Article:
I met my first loan officer at age 12. I wanted a 12-inch black & white TV. It cost $59.98. My income was $30.00 per month. The income was “seasoned” because I’d held the paper route more than a year.
I had no expenses. I also had no credit history.
But there was no risk in this loan. If I didn’t pay, I’d be grounded. Or sent to bed without supper. Or spanked.
My dad was the loan officer.
This was new territory for him too. So far, he’d only fronted me free room & board. An occasional Dilly Bar. A swig of beer. Half of that double Popsicle.
But flat-out buy me something with cash money?
When he was a kid he'd had to sell his fingers for cash, so dammit, I should do the same.
I never noticed any of his fingers missing but he often asked me to pull one.
Anyway, back to the loan.
I must have caught him after church. Or payday. Or sex.
I was always a student of reading dad's vibe but I was still young. I’d experienced many spectacularly wrong reads. His throbbing neck vein was my #1 tell to abort.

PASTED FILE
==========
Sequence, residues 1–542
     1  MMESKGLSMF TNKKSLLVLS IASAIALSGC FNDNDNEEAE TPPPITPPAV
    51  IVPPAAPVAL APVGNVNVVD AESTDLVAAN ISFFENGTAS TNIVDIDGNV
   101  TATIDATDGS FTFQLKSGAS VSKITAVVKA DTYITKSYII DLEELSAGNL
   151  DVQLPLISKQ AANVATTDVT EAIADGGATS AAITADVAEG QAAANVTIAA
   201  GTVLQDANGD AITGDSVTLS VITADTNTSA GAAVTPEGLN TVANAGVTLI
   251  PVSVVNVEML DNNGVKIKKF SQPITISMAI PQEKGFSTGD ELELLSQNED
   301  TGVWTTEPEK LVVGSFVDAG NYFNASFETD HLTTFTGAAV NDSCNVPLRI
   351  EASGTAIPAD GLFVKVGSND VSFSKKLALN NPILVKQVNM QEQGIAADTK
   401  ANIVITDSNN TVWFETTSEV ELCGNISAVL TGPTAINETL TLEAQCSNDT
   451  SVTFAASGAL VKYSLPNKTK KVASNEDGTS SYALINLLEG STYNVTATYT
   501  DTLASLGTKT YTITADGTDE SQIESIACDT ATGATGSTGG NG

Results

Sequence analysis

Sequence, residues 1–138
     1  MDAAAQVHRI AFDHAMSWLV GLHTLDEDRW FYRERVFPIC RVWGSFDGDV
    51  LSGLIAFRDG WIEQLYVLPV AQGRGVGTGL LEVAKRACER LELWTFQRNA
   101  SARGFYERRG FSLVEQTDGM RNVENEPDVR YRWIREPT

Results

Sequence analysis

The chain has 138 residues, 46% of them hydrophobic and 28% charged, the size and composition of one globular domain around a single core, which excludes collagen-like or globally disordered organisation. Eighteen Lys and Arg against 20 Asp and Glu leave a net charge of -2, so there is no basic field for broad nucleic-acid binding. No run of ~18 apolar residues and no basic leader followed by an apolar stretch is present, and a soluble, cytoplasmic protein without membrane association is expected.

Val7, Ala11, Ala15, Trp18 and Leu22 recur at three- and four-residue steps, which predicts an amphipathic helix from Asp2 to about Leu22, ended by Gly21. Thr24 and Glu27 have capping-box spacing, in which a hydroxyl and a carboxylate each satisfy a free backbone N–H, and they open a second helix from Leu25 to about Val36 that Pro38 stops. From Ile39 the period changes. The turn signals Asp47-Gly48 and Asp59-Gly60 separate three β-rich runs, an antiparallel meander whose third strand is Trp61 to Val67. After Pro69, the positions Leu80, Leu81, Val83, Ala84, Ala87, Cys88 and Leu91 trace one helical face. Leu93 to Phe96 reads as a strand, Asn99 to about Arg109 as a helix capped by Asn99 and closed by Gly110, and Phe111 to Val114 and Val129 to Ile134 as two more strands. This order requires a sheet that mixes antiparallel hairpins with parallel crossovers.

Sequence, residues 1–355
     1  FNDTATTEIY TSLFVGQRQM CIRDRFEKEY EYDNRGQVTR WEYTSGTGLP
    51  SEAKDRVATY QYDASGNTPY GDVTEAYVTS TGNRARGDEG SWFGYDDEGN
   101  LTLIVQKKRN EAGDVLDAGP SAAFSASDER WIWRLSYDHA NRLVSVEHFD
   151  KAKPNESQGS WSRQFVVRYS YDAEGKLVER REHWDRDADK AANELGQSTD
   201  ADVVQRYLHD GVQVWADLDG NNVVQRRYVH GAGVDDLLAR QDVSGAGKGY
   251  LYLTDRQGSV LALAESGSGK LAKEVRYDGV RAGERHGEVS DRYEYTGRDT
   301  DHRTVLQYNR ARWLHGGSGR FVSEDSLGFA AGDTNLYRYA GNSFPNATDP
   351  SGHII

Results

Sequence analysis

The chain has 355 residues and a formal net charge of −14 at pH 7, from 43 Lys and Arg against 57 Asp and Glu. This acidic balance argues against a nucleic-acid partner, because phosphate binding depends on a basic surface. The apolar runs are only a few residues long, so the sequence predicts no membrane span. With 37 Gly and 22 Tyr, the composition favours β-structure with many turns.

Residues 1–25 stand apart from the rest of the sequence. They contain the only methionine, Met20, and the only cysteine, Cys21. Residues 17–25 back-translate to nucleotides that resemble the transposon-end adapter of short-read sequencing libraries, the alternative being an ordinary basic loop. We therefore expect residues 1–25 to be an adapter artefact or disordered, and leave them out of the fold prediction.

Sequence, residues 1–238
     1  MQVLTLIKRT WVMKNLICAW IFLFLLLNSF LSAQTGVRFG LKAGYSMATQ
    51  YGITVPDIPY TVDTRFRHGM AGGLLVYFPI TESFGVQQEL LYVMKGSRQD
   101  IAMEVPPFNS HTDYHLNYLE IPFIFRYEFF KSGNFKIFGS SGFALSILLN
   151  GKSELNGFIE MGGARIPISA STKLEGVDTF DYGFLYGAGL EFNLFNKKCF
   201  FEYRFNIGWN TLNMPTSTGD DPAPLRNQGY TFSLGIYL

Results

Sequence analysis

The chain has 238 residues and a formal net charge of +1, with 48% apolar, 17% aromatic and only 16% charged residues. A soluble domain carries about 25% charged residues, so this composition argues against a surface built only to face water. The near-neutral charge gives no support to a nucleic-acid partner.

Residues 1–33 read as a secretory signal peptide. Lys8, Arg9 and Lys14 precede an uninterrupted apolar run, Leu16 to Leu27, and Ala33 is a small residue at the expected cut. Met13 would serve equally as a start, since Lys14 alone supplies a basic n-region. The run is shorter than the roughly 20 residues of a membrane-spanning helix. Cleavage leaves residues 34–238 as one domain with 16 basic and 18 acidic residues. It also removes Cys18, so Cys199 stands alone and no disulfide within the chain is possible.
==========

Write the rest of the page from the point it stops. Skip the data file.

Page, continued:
But today, I divined that Mr Magnanimous was feeling his oats. So I went directly for the close.
“OK, how about you buy me the TV and I’ll give you 10 payments of $6.00 per month?”
Even then, charging your own kid interest was frowned upon. But I’d eat the two cents.
I drew up a handwritten payment spreadsheet that listed the payment amounts & due dates. We’d both initial & date the empty box when I made each payment.
All official-like. Just like all my bank deals since, I kept the pen.
In the hierarchy of brothers, I was now the shit. I was oldest, had my own room AND my own TV. To them, I was wearing a monocle, sipping sherry & smoking Pall Malls from a gilded holder.
All I needed was a dame on my arm. But that required a helluva lot bigger loan than dad would ever pop for.
I did make every one of those $6.00 payments on time. I kept that payment paperwork for years. In fact, longer than that TV.
Today, I can’t remember what happened to that paperwork or the TV.
There’s a lesson in here somewhere. Something about fathers & sons & obligations & paying your own way.
Fathers were gruff back then. Mine would never say those three little words to mere dwarfs living in his house.
But I knew my dad loved me because he always said, “I hope you have FIFTY kids & they all turn out just like you!”
And afterall, he DID give me that first loan.
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